“My son, who’s almost 5 years old, he hugs his male friends all the time. They hold hands. At some point, he’s probably going to stop doing that. Probably because someone will make fun of him for doing that. And that makes me profoundly sad,” Cox said.

Classes like “Mighty Brotherhood,” offered by the nonprofit organization Mighty Writers, may be part of the long-term solution. The sessions are free for families, two parents told The 19th, and Williams said that to his knowledge, boys sign up after seeing social media or email blasts or hearing through word of mouth.

Ten boys joined the July 14 session, and seven participated in the following week’s discussion. Most were engaged, although a few had cameras off. They spoke to the others from their bedroom, the living room couch or the kitchen, several with family members nearby. 

Angela Bostick said she’s noticed her son Roman, a high-performing student who enters eighth grade in the fall, become a more confident writer who’s better able to accept constructive criticism after sitting through the “Mighty Brotherhood” sessions. 

“I’ve heard them on occasions, just riffing back and forth off of the support that they give one another,” she said. “I think hearing one Black man celebrate another Black man gives you space to do so as well. It invites you to give those roses while they’re there.”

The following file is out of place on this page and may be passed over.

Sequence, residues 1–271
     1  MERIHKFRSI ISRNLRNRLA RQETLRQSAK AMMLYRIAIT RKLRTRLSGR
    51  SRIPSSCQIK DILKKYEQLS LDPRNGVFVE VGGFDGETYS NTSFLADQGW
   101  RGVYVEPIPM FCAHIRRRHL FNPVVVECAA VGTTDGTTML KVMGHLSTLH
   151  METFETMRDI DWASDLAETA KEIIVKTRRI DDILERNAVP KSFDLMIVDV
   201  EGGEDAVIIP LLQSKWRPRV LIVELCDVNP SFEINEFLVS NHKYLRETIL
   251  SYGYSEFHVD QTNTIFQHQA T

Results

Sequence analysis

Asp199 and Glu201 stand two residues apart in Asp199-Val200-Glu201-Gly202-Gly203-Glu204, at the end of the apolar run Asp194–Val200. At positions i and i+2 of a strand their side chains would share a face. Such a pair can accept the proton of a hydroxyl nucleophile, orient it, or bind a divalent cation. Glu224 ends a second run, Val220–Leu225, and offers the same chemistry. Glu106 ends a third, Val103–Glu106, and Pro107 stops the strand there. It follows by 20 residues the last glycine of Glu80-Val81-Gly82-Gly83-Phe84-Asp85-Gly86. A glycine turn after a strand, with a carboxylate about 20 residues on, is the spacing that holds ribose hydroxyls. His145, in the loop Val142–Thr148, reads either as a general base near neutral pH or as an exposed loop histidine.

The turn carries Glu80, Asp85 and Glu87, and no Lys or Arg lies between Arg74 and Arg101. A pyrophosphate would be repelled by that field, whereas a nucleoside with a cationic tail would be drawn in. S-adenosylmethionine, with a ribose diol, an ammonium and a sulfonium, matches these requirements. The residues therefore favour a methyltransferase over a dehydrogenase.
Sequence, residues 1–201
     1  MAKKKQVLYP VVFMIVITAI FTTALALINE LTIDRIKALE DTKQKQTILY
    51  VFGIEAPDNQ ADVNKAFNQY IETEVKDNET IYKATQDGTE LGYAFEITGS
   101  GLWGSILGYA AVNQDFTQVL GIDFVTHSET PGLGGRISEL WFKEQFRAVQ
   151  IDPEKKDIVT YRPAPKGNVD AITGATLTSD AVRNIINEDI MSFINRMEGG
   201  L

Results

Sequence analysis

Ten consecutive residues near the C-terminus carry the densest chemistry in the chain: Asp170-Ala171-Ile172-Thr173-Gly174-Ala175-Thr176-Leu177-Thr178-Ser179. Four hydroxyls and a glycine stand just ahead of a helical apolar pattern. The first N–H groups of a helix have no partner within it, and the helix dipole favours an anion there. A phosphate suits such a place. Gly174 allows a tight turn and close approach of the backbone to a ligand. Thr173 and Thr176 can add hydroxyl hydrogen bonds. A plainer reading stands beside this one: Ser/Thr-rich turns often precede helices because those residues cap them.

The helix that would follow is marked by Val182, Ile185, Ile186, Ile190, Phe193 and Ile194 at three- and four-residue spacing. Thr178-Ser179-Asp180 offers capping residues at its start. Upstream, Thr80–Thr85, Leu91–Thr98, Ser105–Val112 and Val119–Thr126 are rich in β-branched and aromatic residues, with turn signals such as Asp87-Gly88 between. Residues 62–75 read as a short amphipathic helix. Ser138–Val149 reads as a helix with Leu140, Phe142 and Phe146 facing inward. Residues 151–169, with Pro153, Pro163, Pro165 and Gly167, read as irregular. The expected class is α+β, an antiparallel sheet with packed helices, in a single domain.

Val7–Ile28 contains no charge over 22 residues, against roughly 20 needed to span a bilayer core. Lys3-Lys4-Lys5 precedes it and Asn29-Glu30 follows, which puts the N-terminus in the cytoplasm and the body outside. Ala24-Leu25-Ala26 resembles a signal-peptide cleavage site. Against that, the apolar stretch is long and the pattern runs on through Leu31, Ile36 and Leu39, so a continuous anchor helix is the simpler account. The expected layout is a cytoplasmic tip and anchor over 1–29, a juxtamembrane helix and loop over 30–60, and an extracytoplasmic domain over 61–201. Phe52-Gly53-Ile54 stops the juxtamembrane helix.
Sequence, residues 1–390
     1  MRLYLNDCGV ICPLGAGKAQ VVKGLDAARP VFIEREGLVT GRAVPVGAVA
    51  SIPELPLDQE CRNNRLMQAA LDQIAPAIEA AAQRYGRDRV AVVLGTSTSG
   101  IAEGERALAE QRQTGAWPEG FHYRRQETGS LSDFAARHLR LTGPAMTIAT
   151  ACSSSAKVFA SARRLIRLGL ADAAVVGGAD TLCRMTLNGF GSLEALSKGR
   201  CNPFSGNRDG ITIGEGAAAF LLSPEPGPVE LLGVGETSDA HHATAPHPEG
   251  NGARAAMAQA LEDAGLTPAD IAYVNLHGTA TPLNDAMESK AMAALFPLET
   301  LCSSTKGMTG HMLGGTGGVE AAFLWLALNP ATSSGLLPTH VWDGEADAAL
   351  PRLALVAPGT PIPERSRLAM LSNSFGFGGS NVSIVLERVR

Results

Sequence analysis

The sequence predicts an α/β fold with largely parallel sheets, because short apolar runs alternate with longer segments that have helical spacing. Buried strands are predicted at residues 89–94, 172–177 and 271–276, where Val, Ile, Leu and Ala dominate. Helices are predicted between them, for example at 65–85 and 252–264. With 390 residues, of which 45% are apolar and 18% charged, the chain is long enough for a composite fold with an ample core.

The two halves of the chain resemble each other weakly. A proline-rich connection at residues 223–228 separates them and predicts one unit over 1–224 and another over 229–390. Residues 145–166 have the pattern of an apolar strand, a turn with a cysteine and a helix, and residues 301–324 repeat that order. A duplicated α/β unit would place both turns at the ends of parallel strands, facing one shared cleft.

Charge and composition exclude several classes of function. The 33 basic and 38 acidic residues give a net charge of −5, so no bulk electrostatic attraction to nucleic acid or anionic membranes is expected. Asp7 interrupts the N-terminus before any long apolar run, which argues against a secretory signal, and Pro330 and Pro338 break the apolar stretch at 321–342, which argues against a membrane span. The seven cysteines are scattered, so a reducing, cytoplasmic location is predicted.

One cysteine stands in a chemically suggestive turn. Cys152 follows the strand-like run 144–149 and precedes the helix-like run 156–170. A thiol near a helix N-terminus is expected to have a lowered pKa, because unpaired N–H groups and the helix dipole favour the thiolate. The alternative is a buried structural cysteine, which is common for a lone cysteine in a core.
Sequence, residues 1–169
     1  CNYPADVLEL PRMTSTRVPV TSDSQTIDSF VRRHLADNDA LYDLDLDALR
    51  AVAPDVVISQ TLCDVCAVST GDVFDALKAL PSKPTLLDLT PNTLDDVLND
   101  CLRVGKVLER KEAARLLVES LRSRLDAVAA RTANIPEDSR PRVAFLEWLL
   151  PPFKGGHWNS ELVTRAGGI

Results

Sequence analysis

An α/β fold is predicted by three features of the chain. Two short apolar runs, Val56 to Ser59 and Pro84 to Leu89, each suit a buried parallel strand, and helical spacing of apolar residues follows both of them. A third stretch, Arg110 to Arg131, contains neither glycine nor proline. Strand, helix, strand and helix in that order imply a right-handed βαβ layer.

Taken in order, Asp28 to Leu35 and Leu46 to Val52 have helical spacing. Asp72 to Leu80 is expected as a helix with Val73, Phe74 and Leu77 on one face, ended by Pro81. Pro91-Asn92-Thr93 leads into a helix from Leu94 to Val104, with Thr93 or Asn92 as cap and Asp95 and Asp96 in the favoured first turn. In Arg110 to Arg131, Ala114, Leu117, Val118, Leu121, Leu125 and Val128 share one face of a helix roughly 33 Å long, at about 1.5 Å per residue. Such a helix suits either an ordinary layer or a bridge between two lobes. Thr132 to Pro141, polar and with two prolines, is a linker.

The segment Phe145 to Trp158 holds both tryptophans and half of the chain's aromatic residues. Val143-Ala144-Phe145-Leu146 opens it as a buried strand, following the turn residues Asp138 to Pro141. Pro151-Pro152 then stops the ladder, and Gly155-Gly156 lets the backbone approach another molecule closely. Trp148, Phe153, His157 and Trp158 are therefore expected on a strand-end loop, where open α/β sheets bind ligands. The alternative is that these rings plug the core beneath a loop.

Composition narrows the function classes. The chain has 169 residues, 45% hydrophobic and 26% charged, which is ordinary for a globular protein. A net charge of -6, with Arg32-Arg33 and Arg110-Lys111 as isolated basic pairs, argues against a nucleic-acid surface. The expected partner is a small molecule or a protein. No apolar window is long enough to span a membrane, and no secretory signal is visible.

Roman, 13, said over email, with permission from his mother, that the class had brought new emphasis to positivity and sharing. “Being a good man means being there,” he told The 19th. “For your family, friends, loved ones and anyone else, you become a good man if you look out for them, and make it so they know you care for them.”

Bostick, reflecting on her experiences raising a young Black man, said she appreciated that men of color are especially limited by society’s expectations of how men should act.  

“There is a narrative that’s been there for all men in a lot of ways, but uniquely for men of color, that I think can be limiting,” Bostick said. “One of the more powerful ways to counteract that narrative is using your own voice.”

Williams said that after dispelling myths on masculinity for the boys in an early session, they were able to be authentically themselves.

In that session, he asked everyone to name some of the men that they respect — uncles, fathers or movie characters. 

“I just told them, put that list away. Then I asked them, ‘Well according to society, what is a man?’ And on their list, they will put things like ‘You can’t cry. You have to be strong. You have to have a lot of money. You have to have a lot of girls. You can’t be emotional. You have to be ridiculously strong.’” 

Then, Williams asked them to revisit the list of men they admire.

“I asked … ‘Do they have the things that you mention that society says that makes them a man?’ And they all, without any error, said ‘no.’” 

The moment was a complete shift in the group, Williams said, “I think they were able to truly take the mask off and be themselves.”